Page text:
Don’t Use the Appliances
by Miranda Steffens

It’s beautiful green again and the rain
too the woman opening her
umbrella in the doorway you
leaning against the window hair
soaking-wet won’t dry not
today not with the rain.  It’s normal
it’s just normal to lie awake all
night waiting for morning for him
to wake and maybe to then
say how you didn’t sleep but realize
from the way you so naturally clutch
each other at the sound of the radio
alarm Paris News he forgets
to turn off that it’s not his problem so
you stay in his bed look at the ceiling
while he showers look at the wall
while he dresses feel absolute
loss as he leaves saying don’t use  
the coffee pot as the electric
is. . . .  but then finally sleep and dream
of signs all over the kitchen reading
don’t use the appliances but
they’re signed
je t’aime.

by Miranda Steffens

I take the rat from the cage so i can hold it and let it
bring me comfort.  It tries to hurt me instead.  I hold it tight
between my two hands while it lashes its teeth, strains
its muscles and tries to turn its head to bite my hand.  
I hold hard.  I try to throw it into its cage and slam
the door but it’s free now—it refuses to go back.

The fight doesn’t end until i shake it hard and throw it
into a cardboard box and then shake it again with all
my might until it falls dead at the bottom of the box.  
It drops from the box to the floor and just to be sure
it’s dead I take my shod foot and step precisely
on its head until I can feel the skull crack and flatten.

The priest comes to see me.  He is the attention
I need; he offers his email addresses and direct
telephone numbers for times of extreme need.
When he turns to leave I kiss him—not on the cheek
but the lips—in appreciation.  He kisses me back,
polite, and then says, Ok now, that’s enough of that.


Miranda Steffens received her BA from Knox College in 2007.  
She’s on the editing staff of
Upstairs at Duroc, of which she was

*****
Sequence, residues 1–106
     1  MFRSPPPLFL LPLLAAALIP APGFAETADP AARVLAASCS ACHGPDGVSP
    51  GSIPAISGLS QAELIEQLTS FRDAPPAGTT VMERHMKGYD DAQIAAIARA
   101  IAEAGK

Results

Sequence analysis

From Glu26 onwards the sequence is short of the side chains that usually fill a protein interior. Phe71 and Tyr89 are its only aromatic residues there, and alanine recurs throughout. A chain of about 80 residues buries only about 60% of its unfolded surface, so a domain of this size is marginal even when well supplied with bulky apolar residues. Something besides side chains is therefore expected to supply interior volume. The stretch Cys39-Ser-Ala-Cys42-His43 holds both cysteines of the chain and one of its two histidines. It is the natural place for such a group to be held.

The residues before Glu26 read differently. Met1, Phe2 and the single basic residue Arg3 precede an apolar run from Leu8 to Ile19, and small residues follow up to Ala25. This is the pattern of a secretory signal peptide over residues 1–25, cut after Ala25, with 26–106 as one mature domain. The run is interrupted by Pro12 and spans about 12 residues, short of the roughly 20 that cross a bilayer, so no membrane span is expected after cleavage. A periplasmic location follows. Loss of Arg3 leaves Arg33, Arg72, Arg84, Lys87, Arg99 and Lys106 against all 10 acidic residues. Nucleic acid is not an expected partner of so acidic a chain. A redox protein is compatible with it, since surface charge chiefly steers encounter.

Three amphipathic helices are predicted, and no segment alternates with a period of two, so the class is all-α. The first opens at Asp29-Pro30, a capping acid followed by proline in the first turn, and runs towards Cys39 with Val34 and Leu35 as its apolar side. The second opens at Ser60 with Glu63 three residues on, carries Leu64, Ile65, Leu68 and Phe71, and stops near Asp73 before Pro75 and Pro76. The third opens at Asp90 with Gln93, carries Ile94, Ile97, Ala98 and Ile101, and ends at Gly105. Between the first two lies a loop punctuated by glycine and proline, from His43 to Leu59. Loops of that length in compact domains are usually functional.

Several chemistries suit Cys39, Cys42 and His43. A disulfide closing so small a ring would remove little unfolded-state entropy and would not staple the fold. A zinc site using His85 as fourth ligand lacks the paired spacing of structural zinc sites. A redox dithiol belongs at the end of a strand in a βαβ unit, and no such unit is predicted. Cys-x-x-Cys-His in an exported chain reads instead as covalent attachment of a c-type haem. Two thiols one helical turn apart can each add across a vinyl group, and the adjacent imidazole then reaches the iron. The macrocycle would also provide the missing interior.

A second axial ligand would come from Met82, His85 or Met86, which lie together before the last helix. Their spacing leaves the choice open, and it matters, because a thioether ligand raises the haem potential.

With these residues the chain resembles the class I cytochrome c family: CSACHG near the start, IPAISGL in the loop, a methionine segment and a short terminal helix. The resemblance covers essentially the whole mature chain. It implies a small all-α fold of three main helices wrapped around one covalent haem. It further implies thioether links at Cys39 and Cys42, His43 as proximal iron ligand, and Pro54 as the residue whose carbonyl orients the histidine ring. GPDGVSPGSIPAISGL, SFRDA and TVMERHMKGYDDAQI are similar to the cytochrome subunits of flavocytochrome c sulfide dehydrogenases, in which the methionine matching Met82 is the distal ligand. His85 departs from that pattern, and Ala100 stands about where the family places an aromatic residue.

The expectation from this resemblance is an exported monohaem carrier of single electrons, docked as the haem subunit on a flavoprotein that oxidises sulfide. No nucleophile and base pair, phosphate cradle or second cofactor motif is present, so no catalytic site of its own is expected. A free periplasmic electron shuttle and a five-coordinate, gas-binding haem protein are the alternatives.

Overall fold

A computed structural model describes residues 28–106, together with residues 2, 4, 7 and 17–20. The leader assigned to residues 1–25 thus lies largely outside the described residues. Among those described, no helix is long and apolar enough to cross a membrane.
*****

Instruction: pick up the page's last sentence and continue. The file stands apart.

the 2007/2008 co-editor.  She recently moved from Paris to New
York City, where she is starting an Open Mic at Hoopz in Brooklyn.

On “Don’t Use the Appliances” and “The Rat”:
My poetry is often inspired by dreams. When the subject matter
of a poem is taken directly from a dream, I can normally
connect it to whatever is happening in my life—but the dream
tends to give the situation in my life a much more interesting
and, strangely, clear perspective.  When the topic of the poem
is not directly derived from a dream, my writing style is still
inspired by the “dream-like” way of connecting seemingly
unrelated subjects without stopping for explanation or breath.

“The Rat” was written directly from a dream which I’m pretty
sure was related to a battle I’d been having in trusting and
depending on someone, despite the fact that each time it had
proven to be self-destructive.  

“Don’t Use the Appliances,” on the other hand, is not
completely based on a dream, but ends on one, and I attempt
to imitate the tone of a dream by using enjambement and quick
movement from image to image.  

Previous page   Apple Valley Review, Fall 2008   Next page
Apple Valley Review:
A Journal of Contemporary

ISSN 1931-3888

Volume 3, Number 2
(Fall 2008)

Copyright © 2008
by Leah Browning, Editor.  

All future rights to material
published in the
Valley Review
are retained
by the individual authors
and artists.
The Rat